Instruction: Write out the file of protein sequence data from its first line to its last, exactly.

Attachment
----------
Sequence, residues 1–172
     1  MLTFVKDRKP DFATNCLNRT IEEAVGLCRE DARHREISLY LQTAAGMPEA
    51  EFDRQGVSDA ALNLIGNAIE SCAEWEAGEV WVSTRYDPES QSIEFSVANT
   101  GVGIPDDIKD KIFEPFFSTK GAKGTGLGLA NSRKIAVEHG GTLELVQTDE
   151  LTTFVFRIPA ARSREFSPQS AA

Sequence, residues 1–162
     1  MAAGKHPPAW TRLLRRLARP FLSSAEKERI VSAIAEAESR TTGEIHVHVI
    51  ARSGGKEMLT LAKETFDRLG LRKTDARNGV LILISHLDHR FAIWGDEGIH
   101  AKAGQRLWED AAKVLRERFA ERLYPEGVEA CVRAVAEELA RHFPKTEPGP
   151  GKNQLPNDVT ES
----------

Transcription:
Sequence, residues 1–172
     1  MLTFVKDRKP DFATNCLNRT IEEAVGLCRE DARHREISLY LQTAAGMPEA
    51  EFDRQGVSDA ALNLIGNAIE SCAEWEAGEV WVSTRYDPES QSIEFSVANT
   101  GVGIPDDIKD KIFEPFFSTK GAKGTGLGLA NSRKIAVEHG GTLELVQTDE
   151  LTTFVFRIPA ARSREFSPQS AA

Sequence, residues 1–162
     1  MAAGKHPPAW TRLLRRLARP FLSSAEKERI VSAIAEAESR TTGEIHVHVI
    51  ARSGGKEMLT LAKETFDRLG LRKTDARNGV LILISHLDHR FAIWGDEGIH
   101  AKAGQRLWED AAKVLRERFA ERLYPEGVEA CVRAVAEELA RHFPKTEPGP
   151  GKNQLPNDVT ES